What is a relational model

Business Intelligence (Part 3): Data Modeling - Relational and Multidimensional Models

Relational data models

The best known and “most modern” data model is the relational one. It's simple and easy to understand, and more geared towards user needs. It also allows a better implementation of data independence.

The relational database model was first proposed in 1970 by Edgar Codd - today it is an established standard for storing data. The associated database management system (DBMS) is referred to as a relational database management system (RDBMS). The Structured Query Language (SQL) is used as the data manipulation language for querying and manipulating the data.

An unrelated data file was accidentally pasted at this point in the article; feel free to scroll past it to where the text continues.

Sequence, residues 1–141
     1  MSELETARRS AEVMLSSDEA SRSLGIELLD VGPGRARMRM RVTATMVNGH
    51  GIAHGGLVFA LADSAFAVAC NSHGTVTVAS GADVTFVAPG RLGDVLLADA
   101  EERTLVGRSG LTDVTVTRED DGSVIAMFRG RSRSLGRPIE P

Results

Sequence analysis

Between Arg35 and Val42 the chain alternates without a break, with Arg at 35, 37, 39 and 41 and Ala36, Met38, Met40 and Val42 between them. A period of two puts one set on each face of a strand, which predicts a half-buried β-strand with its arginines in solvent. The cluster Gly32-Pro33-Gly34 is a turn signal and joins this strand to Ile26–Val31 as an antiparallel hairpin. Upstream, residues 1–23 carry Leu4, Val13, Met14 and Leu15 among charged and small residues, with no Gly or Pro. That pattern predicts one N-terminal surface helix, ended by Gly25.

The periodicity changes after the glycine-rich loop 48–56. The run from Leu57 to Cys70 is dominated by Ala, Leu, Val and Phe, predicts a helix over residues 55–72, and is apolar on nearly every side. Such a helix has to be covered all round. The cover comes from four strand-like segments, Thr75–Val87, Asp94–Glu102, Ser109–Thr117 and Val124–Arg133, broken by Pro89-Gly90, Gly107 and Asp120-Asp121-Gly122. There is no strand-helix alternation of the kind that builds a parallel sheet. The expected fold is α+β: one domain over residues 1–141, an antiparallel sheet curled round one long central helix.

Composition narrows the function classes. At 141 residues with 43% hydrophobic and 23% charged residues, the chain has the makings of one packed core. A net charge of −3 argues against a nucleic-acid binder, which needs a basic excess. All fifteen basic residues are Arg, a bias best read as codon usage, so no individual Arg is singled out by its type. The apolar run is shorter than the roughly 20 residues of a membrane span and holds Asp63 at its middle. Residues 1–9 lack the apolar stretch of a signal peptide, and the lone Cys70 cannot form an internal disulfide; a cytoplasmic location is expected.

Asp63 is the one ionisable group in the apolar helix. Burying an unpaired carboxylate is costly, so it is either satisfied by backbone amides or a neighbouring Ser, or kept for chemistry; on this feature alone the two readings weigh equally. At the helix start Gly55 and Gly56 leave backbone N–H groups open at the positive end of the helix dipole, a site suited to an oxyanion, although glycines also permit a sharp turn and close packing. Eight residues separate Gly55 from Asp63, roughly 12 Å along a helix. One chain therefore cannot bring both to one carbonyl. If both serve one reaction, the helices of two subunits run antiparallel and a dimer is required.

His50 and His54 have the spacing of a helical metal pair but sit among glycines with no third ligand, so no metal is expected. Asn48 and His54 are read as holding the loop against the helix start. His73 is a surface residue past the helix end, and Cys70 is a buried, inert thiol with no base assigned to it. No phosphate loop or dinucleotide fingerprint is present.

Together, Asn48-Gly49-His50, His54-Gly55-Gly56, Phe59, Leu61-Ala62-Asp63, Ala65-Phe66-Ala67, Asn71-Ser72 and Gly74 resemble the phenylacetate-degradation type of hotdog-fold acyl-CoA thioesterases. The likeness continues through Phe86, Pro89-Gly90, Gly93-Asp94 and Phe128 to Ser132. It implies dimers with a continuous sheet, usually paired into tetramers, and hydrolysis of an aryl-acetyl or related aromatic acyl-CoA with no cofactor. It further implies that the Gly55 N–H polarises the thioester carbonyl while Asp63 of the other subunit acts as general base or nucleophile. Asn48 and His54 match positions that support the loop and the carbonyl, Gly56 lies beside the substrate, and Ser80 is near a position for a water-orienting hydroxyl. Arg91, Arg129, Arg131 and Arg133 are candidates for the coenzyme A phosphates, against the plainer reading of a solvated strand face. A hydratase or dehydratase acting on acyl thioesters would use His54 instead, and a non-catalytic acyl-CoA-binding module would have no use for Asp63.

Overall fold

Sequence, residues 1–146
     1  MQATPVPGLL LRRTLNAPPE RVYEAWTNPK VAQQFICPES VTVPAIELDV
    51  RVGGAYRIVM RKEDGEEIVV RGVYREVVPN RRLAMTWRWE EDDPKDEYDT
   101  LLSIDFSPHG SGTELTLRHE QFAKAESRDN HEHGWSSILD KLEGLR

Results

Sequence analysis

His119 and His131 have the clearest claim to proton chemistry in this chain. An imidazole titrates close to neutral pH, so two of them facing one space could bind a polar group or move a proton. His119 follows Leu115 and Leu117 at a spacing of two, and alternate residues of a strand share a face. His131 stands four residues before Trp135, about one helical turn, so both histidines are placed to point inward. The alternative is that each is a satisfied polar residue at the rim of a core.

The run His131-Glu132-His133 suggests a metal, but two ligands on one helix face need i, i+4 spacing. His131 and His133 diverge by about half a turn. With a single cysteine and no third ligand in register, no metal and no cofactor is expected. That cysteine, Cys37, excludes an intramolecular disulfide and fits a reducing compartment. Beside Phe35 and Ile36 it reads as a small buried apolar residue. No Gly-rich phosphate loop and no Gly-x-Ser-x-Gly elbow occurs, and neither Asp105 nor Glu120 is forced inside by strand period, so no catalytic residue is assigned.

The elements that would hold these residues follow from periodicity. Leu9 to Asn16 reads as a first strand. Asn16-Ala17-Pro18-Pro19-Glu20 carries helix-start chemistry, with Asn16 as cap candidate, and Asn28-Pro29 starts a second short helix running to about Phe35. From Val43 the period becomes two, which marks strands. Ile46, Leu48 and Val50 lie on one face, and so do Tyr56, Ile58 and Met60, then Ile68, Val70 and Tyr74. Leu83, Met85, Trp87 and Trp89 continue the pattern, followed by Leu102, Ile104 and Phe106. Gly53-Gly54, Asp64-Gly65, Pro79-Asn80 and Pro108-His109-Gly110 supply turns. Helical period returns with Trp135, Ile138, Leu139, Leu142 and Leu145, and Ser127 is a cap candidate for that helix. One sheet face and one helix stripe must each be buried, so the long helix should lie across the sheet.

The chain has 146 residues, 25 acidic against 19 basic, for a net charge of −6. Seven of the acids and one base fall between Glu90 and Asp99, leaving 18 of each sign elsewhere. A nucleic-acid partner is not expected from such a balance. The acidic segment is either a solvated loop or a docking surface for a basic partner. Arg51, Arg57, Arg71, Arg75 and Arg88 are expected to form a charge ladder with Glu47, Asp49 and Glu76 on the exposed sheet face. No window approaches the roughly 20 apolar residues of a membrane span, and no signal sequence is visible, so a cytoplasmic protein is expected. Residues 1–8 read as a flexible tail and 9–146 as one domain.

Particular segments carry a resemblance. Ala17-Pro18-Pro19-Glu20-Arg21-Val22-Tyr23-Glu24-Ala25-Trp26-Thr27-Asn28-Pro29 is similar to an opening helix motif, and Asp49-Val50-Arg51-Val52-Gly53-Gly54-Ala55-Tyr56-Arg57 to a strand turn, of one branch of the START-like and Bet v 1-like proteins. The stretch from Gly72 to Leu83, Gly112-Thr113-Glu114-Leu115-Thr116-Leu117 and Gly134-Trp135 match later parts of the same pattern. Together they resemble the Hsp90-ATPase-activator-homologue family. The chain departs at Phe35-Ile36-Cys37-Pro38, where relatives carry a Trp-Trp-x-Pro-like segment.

Relational data models are based on relations with a name and associated attributes. The relations are shown in the form of two-dimensional tables with clear names. Each record is a row (tuple) in the table. The lines can be clearly identified using one or more primary keys. The attribute values ​​form the columns of the table.

The relation scheme defines the number and type of attributes for a relation. The figure illustrates the relationship R. with the attributes A1 to At in the columns and the values ​​arranged in rows.

Entity relationship models can easily be converted into relational models. Each entity type and each complex relationship type (n: m relationship) in the relationship model becomes its own relationship. The following table compares the terms from both models.

Relational data model

Entity Relationship Model (ERM)

Range of values ​​(domain, domain)

Range of values ​​(domain, domain)

Range of values ​​(domain, domain)

Header

Relation type / relation format

Entity type

Column heading

attribute

attribute

content

relation

Entity set (-set)

content

Foreign key

Relationship

row

Tuple

entity

cell

Attribute value

Attribute value